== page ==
An inexpensive workaround would be to get a copy of Turbocad Deluxe off ebay. Older versions go for about $30 or 40 and can import and export to the SKP format. So for example you can import a DXF airfoil profile off a program like Profili and load it in Turbocad, then export it as SKP format, draw the rest of your plane in Sketchup. Once you have what you want you can pull 2D profiles off the Sketchup drawing and either print to PDF for hand cutting or import to turbocad to arrange for laser or CNC cutting. My version of Turbocad doesn't like the free version (Sketchup Make) SKP files but I can save it as an older .SKP version like V7 direct from Sketchup Make and import that into Turbocad without problems.

Turbocad has a decent video library for tutorials but nowhere near as many as Sketchup. For basic 2d drawing it's fairly easy to learn. Figuring out how to print a tiled drawing to PDF was kind of tricky but once you learn it's pretty easy.

The only other drawback I find with Sketchup is that it seems to be primarily designed to handle architectural size scales. It mostly seems happy dealing with resolution down to about 1/16" or so. Sometimes when you I try to zoom in and snap to geometry at very fine resolution with smaller parts of models it does wierd things like construction lines and some geometry seems to disappear temporarily.

Steve
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Old Mar 21, 2014, 10:40 AM
I Ain't Got It !
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Originally Posted by Heddon125 View Post
$500 for the pro version is a lot of $$ to justify for making toy airplanes for myself.

Steve
Yes, way overpriced at that for what you get.
If a person is serious about CAD design and willing to spend $500, then it's not a big leap to go with Rhino3D for $900 to get a "real" sophisticated CAD program that is best in class for the price.
With tutorials galore throughout the web, Rhino is a no brainer for a person who wants to make CAD a useful tool for a lot of things that will come during their lifetime, not just for designing models.
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Old Mar 21, 2014, 10:13 PM
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United States, AZ, Chandler
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Another affordable full blown cad program...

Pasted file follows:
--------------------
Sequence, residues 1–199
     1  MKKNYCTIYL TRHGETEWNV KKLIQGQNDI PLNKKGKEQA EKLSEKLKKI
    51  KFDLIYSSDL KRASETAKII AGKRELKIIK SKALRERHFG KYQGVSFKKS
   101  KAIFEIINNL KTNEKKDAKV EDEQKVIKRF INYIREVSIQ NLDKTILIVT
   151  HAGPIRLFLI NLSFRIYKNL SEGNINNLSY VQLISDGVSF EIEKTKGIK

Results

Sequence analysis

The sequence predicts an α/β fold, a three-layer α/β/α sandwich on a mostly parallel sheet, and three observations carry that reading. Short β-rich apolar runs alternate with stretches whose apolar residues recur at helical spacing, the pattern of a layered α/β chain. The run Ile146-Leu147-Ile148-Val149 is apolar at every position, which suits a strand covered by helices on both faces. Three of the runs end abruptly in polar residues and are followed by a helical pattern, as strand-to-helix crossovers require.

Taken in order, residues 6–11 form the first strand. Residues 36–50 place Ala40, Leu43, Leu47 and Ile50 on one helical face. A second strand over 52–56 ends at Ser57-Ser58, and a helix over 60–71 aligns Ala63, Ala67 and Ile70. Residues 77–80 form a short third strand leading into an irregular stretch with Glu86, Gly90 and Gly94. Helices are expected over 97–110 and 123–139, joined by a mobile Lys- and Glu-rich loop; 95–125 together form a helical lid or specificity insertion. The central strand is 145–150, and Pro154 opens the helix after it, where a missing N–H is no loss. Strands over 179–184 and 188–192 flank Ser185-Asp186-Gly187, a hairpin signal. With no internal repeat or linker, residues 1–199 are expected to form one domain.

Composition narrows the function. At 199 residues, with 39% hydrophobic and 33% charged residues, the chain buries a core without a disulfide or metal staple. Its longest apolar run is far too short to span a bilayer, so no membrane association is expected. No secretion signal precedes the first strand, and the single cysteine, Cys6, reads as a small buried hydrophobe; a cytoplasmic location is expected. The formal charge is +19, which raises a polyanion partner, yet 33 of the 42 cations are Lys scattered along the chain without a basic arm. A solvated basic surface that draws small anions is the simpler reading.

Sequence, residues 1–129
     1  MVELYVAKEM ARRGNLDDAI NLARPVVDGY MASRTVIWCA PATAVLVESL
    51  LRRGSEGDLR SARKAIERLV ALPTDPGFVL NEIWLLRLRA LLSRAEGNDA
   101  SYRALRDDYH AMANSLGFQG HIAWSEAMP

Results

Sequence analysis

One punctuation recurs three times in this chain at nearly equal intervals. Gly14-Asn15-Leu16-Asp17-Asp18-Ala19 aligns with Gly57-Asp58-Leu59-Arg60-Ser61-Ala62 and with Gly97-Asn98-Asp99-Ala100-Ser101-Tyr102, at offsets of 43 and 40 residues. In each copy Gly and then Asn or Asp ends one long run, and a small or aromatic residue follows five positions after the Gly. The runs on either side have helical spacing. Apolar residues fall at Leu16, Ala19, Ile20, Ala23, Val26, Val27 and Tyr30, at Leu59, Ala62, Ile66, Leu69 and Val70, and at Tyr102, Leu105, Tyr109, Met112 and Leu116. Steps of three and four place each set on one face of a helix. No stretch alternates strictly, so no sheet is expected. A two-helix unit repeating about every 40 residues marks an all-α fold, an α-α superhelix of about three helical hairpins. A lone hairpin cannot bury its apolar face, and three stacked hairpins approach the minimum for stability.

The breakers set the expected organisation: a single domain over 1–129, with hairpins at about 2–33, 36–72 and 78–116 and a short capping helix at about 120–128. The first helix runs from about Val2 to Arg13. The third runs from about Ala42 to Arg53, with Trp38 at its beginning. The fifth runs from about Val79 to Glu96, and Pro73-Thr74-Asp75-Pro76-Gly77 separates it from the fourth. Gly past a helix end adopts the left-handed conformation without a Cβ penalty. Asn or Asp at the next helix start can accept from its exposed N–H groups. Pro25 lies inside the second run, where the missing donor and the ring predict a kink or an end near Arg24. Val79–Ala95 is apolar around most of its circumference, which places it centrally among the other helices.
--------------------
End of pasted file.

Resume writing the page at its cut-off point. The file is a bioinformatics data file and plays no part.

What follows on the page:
is BRICS Cad.
http://www.bricsys.com/en_INTL/
This is the version I use as a registered Architect running my own office. It's less than 10% the price of Auto Cad (AutoDesk) with all the capabilities of Auto Cad. It looks like AutoCad, feels like AutoCad and runs every bit as smoothly as AutoCad.
You can also get full BIM capability but still at a fraction of the cost of the AUtoDesk products. Additionally, I have had very, very few crashes and then only with a very big drawing attempting to import or attach a very large image file.

They have a free version trial version, too.

Bill
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Old Mar 21, 2014, 10:37 PM
Jim C Patrick
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Shenandoah County
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Originally Posted by Farber View Post
. . . If a person is serious about CAD design and willing to spend $500, then it's not a big leap to go with Rhino3D for $900 to get a "real" sophisticated CAD program that is best in class for the price. With tutorials galore throughout the web, Rhino is a no brainer for a person who wants to make CAD a useful tool for a lot of things that will come during their lifetime, not just for designing models.
Please drop the "my cad is real cad" stuff. Rhino designs great shoes, but I've reviewed thousands of plans and never once seen a building from Rhino.

If you want to start your own 'Rhino is Great' thread, feel free to do so. But this one is about the free version of SketchUp. It seems every CAD thread sinks into the mud —like politics— when die-hard devotees try to sell their favorite politician software.